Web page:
Among the "emergency measures" to enthuse its populace into starting, or growing, their family are financial support for couples seeking fertility treatment and extra paternity leave for parents welcoming a second child.
The Korea Herald reports that the measure were announced by the ministry of health and welfare following a 5.3 per cent drop in new born babies in the first five months of the year compared to the same time in 2015.
Health minister Chung Chin-youb said:
The government prepared such emergency measures with a desperate mind that we must exert all possible efforts to block the current low birth rate that continues to decline
But these still fall short of transforming the sense of defeat felt by youths into a sense of hope, or to console the working mums who shed tears during our policy debate.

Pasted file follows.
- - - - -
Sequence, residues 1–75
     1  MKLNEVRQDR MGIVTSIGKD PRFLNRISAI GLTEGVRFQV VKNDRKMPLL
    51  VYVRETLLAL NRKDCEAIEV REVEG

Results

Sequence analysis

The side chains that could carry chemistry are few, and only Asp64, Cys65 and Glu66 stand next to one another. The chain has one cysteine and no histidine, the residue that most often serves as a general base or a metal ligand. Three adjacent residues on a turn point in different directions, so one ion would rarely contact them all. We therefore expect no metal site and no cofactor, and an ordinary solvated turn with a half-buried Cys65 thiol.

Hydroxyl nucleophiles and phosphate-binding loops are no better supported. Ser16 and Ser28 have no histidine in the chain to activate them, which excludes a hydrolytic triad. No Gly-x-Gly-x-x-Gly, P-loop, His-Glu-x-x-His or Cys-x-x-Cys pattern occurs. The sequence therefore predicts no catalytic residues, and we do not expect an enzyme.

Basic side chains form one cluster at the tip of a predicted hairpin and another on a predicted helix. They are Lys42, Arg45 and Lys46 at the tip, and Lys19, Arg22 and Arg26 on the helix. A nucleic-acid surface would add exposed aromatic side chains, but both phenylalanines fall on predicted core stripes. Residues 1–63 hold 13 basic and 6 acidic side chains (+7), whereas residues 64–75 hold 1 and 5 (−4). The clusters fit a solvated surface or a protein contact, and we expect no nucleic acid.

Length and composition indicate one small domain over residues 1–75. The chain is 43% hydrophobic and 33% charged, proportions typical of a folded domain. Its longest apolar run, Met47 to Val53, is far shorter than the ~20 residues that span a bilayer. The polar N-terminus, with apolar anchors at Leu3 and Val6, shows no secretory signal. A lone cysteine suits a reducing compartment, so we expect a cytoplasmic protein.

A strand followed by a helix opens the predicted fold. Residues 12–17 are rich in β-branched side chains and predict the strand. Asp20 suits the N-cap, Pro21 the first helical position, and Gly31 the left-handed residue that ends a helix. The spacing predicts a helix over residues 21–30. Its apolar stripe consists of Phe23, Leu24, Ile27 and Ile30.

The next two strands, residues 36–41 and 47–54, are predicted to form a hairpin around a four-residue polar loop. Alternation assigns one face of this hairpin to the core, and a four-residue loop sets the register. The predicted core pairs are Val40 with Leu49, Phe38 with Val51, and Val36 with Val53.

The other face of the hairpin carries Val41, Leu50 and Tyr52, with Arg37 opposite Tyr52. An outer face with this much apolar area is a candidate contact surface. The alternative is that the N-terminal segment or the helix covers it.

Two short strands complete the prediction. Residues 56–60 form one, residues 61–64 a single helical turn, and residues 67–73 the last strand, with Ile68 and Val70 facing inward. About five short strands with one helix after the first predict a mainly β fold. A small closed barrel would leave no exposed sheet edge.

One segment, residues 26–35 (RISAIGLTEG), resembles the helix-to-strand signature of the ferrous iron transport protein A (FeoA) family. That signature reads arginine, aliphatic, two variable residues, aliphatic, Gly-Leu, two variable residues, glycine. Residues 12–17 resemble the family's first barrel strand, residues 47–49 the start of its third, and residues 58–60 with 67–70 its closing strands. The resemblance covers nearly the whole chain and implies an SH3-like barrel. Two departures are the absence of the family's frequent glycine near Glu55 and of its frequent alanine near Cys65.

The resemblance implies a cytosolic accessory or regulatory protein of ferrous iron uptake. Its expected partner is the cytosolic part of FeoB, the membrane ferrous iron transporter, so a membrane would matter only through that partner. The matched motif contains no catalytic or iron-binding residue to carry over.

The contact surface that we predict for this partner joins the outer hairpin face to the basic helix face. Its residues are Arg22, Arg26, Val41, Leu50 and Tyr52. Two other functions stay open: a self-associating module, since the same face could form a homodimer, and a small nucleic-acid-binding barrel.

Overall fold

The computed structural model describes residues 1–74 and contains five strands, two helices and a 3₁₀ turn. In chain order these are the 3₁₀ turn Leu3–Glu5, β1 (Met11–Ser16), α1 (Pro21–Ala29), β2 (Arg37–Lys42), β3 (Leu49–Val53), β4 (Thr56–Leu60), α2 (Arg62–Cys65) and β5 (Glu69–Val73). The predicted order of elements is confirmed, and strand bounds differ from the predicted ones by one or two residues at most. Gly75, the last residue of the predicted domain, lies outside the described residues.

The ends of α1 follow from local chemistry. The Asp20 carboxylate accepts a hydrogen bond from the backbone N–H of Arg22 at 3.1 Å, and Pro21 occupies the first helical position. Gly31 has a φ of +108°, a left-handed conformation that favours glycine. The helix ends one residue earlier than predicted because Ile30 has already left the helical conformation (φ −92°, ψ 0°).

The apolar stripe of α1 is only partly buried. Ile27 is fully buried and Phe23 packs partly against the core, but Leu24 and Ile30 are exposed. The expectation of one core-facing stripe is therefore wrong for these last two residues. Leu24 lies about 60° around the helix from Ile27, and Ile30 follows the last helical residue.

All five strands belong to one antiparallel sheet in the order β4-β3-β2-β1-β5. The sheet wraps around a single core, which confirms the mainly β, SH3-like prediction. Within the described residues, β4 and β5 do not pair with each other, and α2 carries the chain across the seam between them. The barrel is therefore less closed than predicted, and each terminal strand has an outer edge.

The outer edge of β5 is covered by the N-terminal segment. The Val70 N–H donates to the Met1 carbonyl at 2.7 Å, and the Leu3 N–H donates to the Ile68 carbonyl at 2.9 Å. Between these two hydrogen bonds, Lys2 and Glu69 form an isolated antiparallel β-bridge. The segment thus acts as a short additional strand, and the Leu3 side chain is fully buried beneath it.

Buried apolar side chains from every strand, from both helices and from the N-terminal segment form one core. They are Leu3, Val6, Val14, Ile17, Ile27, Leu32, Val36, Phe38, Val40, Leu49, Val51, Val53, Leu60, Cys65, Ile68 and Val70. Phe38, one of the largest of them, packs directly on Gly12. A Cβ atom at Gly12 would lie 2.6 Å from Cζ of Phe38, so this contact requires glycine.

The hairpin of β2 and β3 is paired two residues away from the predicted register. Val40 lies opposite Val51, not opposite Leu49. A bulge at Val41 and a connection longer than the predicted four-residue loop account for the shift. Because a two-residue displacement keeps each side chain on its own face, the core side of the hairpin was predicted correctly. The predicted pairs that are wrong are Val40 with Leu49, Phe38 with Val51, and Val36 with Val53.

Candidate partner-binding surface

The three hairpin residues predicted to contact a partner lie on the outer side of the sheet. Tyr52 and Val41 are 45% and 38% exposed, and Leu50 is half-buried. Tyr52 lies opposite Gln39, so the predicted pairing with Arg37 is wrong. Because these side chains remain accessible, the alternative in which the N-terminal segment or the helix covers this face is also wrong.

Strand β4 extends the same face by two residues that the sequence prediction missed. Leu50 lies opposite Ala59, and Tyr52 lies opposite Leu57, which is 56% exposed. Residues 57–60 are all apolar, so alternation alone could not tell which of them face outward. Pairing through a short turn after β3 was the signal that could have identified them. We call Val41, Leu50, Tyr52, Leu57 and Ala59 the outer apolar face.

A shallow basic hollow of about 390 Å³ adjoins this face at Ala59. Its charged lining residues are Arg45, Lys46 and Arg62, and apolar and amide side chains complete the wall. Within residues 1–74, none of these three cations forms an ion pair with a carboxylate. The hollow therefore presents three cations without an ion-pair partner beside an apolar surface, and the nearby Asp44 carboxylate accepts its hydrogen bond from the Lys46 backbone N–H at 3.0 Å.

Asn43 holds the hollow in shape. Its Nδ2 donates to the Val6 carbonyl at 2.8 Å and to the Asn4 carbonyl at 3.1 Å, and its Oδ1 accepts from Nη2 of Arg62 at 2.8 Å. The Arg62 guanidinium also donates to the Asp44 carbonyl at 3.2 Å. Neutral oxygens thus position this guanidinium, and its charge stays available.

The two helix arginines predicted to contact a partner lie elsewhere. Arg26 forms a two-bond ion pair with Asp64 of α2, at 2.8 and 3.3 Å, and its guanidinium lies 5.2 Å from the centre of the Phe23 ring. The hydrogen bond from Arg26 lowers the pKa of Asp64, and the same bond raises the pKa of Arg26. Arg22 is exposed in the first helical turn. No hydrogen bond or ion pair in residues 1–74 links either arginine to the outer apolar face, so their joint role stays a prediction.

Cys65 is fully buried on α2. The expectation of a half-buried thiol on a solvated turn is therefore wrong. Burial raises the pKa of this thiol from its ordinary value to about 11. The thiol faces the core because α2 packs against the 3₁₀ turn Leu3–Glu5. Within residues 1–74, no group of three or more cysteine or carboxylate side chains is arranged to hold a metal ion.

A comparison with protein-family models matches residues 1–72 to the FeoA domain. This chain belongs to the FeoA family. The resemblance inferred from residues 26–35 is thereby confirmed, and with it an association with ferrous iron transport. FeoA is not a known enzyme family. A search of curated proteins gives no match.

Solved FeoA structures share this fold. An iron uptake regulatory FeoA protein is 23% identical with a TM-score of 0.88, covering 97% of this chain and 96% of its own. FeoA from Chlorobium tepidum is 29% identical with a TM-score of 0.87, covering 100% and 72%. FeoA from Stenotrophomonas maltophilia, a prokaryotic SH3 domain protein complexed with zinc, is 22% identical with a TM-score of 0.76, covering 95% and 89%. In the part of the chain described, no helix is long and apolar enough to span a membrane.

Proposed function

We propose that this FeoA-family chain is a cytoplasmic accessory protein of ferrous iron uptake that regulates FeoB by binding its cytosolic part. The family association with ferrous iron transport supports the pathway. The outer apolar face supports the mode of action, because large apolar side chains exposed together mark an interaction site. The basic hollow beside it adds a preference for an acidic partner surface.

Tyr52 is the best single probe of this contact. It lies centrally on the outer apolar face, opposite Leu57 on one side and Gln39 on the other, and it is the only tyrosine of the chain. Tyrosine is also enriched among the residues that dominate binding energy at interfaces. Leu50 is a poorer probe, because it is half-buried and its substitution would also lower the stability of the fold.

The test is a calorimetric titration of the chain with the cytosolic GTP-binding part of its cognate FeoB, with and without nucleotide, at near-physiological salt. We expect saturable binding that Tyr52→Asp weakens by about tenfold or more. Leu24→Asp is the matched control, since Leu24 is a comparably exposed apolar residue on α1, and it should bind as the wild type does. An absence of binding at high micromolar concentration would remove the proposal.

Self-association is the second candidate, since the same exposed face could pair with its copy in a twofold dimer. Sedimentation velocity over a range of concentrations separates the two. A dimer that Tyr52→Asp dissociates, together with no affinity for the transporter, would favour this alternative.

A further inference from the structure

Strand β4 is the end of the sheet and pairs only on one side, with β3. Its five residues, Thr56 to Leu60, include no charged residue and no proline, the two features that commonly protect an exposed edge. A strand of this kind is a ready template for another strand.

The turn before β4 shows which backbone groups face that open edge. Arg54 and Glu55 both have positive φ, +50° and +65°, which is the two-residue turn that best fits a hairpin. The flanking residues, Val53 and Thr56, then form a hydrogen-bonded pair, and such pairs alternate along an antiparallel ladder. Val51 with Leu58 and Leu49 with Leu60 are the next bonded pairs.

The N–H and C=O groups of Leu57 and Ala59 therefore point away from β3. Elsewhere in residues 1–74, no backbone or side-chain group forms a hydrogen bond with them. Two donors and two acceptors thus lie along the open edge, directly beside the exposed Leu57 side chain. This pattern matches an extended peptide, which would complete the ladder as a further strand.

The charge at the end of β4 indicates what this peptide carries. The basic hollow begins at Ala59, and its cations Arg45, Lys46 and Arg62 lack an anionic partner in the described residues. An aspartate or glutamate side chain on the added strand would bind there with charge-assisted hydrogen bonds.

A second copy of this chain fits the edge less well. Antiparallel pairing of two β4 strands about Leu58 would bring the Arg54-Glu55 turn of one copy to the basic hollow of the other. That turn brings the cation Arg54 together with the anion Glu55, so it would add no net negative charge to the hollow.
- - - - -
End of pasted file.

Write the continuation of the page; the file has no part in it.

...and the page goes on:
The BBC reports that South Korea's birth rate has plummeted since the 1960s despite billions of pounds worth of government spending.
The government will spend up to £44m on the new measures, according to the Korea Times, although there are fears that state policy will not be able to over power a corporate culture seen as "family-unfriendly".